And in that situation, you kind of have to dial back. What you really want to say and kind of wrap it up in a different verbal style. And I, I just did not have that. And, and also, to be honest, I was kind of burnt out is kind of skating. I wasn't wasn't reaching my best potential anymore. I think just because, you know, after seven years of reinventing the same four walls within the store, you you definitely start to get burned out. And I, I could see the writing law. I think my bosses could see the writing on the wall because I had a DM that made it very, very challenging, which put the pressure on me to quit. And this is another one of those lessons of I tell people this all the time, the universe does a very good job of putting obstacles in your way for you to either go around them or walk to them. And the universe put this district manager in my path to make it very difficult because I wasn't applying myself 110% for sure. So she was doing her job and I she made it just uncomfortable enough for me where I was like, f this, I'm starting my own brand. And I did. And I had one client in the beginning and one client grew to a pharmacy, San Pedro pharmacy, who the marshal and Sara who owned the pharmacy are were like my Jewish parents and I love them, they're family.

And I just kind of grew my business from there. Now I work with pharmacies, I work with regular retailers, boutique apparel and gift stores. I do buying, I do consulting with retailers and kind of walk their store. And it and all I'm doing is applying all the lessons that I've learned literally through this whole entire career. So I take all of that and I work with people and I now work with wholesale showrooms as well. I made that jump probably about, I want to say ten years ago. Stephen Young I've been with Steven for about ten years. Actually, Peking Handicraft is my first. I've been with Peking Handicraft for about 18 years and I was brought on to do display in a temp booth in Atlanta for design was it was her rollout of her brand new line. And so Stephen Young, I'm now a sales producers. I'm still at Peking. I work for art, floral trading and some other. So I'm very lucky in the sense that I can go back and forth between retail and wholesale. Both have high and low times right now. As I'm recording this, I am starting I started the wholesale showroom setups for the gift shows that happen twice a year. I started with Atlanta last week. As of Friday, I'm with Stephen Young and I'll be with Stephen for almost a month of redoing their showroom.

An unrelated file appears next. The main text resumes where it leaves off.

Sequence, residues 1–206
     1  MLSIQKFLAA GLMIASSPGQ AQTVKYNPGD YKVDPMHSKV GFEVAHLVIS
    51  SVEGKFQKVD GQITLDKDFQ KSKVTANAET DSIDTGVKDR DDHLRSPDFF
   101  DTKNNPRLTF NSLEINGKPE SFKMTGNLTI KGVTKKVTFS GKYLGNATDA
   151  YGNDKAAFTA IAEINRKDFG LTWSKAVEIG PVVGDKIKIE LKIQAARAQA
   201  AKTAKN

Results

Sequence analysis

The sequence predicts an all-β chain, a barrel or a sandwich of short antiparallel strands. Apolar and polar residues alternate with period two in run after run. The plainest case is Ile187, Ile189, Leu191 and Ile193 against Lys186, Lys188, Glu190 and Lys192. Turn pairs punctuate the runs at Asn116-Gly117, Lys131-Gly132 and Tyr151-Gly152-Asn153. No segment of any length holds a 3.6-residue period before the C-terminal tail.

And and then I move on to Las Vegas. So, you know, I'm very blessed in the sense that I don't have to go to the same place every day. And I'm very blessed that some of the stores I work for have some of the most amazing, beautiful merchandise that I've ever seen. I'm very blessed that I, I get to do the shows as a buyer as well and curate my own gift concepts for the pharmacy and do the apparel shows. And all of this is all collectively, you know, to be honest, it's all from Fred and from Anthro. And and I don't forget that there's not a day that goes by that I don't forget any of that. And where I came from and I, I don't know, I'm super grateful. So that's it about me, at least business wise, personal. Personally, I have two little dogs who bark like mothers, and you will hear them from time to time in the background of some of my some of my interviews, I have a husband who I love dearly. When we got married October of 2019, right before the whole world changed. And thank God, because our wedding would not have happened if it happened just a few months later. We I live in Redondo Beach and to be honest, I'm happiest when I'm on my back yard, and I'm also happiest when I'm under the gun.

So thank you all for following along this journey. And I'm so excited to bring you some of my favorite retailers, some of my favorite wholesalers. You know, the more and more I'm starting to delve into some of these interviews, I just you know, my favorite question now is become at the very end. And for all the guests, it is, what is your advice for someone that whatever it is starting any. On opening a multiple store. And if you if you do anything past listening to the first 15 minutes, listen to the last minute because honestly the advice that Annie from Urban Girl has given and the ladies from Rock Scissor Paper and Chris from Great Paper Gifts and paper, I mean, their advice is phenomenal. And for anyone that is looking to join this industry or you're already in this industry, I highly suggest that you listen to that part, and that is it for me. Thank you again for following along. I'm super excited for you to listen to some of these interviews and I can't wait to hear what you guys think. I will see you soon. And that is a wrap. Thank you all so much for joining me on today's episode. I really appreciate it. And be sure to tune in every Wednesday for more stories and lessons from a life in retail. And don't forget to follow us on Instagram at Retail Whore Podcast, and you can find us online at the retailwhorepodcast.com